No longer underrated, Kyle Hendricks insists nothing changes as he ramps things up in Cubs camp

No longer underrated, Kyle Hendricks insists nothing changes as he ramps things up in Cubs camp

MESA, Ariz. – It's March 4, 2017.

It's been four months and two days since Kyle Hendricks was taken out of Game 7 of the World Series in the fifth inning by Joe Maddon and he's still getting asked about it from fans.


"Pretty much everybody I run into, that's one of the first things [they say]," Hendricks said.

After throwing two completely stress-free innings in his Cactus League debut in the Cubs' 9-3 win over the Los Angeles Dodgers Saturday, Hendricks said fans were still yelling, "Why'd they take you out?" at him.

Every time that happens, Hendricks — who is extremely polite and one of the nicest guys in the game — has a stock response ready to go:

"I say, 'Hey, we won, right?' That's all that matters," Hendricks said. "I really just tell them I was expecting [Game 7] to be a short start going into it, which it was.

"You guys [the media] have heard it all before, but to hear it from fans sometimes, it gives you a little reassurance. It's good they're on your side."

He's got a point: It is validation, but it also represents a stark contrast to where the 27-year-old pitcher was for most of 2016, when fans couldn't tell him apart from the average accountant while he took public transit to and from work at Wrigley Field.

This time last year, Hendricks was in spring training fighting for a spot in the Cubs' rotation.

Now, he's the reigning National League ERA leader and a third-place finisher in Cy Young voting.

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Even though the situation has changed, Hendricks is still trying to keep the same mindset and maintain a chip on his shoulder.

He did admit, however, that it's weird to not have to fight for a spot for the first time in his career.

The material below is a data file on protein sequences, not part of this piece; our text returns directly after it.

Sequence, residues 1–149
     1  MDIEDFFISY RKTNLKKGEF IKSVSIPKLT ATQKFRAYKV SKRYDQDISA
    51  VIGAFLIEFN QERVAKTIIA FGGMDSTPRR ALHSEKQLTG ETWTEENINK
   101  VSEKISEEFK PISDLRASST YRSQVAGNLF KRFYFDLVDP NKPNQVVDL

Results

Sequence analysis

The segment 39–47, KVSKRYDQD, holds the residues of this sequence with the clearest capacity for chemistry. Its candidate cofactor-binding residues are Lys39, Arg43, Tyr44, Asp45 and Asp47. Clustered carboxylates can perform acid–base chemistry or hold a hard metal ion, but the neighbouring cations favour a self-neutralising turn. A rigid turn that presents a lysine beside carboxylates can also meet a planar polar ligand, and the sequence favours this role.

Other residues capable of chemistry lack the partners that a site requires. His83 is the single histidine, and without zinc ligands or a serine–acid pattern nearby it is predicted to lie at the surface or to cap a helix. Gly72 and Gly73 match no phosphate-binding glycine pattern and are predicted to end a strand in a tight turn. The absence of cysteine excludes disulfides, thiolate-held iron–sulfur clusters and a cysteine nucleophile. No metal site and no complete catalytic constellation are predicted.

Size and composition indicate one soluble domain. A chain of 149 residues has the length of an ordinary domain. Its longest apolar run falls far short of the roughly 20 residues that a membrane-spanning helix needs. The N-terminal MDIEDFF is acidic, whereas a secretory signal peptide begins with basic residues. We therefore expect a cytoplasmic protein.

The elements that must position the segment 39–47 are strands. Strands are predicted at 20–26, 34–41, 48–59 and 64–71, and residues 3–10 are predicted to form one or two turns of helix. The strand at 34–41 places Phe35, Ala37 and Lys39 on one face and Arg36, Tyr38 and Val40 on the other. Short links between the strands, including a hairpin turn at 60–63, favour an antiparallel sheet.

"You have to — I think Joe said it — you can't be too comfortable with it," Hendricks said. "I've had to make sure I'm pushing myself, be aware of where my pitches are at, making sure I have an angle on it. 

"You can't slow-play it. You wanna give yourself some time to get ready, but you can't take it so slow where you're not sharp for Day 1. ... The situation may have changed a little bit, but in my mind, I'm still just getting myself ready, doing the same things, throwing my bullpens, getting ready for the first day."

Hendricks said he's gotten enough throwing in this spring; he only tossed 16 pitches in two clean innings in Saturday's game, so he went back out to the bullpen and threw 40 more there.

One of Hendricks' main points of focus this spring is developing his curveball, so he can use it more in 2017, particularly late in counts. Last year, he felt like he used it more to open counts and set up hitters and not as much as a weapon to put guys away.

So yes, he does think there is room to improve on his 2016 season (16-8, 2.13 ERA, 0.979 WHIP). You don't even have to ask.

"You're always competing with yourself, in a way," Hendricks said. "As long as you don't focus on the outside factors. Focus on what you can control.

"For me, yeah, I'm always trying to raise the bar and get better. It's always a process. You gotta see what the hitters are giving you. That's really a big goal of mine — be aware of what the hitters are trying to do to me in spring and see what adjustments I can make."

Why Cubs core's desire to sign extensions might not matter anymore

Why Cubs core's desire to sign extensions might not matter anymore

The day after Kris Bryant suggested that first-time fatherhood and the dramatic reality of world events have changed how he looks at his future with the Cubs, general manager Jed Hoyer outlined why it might be all but moot.

Setting aside the fact that the Cubs aren’t focusing on contract extensions with anyone at this time of health and economic turmoil, the volatility and unpredictability of a raging COVID-19 pandemic in this country and its economic fallout have thrown even mid-range and long-term roster plans into chaos.

“This is without question the most difficult time we’ve ever had as far as projecting those things,” Hoyer said. “All season in projecting this year, you weren’t sure how many games we were going to get in. Projecting next season obviously has challenges, and who knows where the country’s going to be and the economy’s going to be.”

Bryant, a three-time All-Star and former MVP, is eligible for free agency after next season. He and the club have not engaged in extension talks for three years. And those gained little traction while it has looked increasingly likely since then that Bryant’s agent, Scott Boras, would eventually take his star client to market — making Bryant a widely circulated name in trade talks all winter.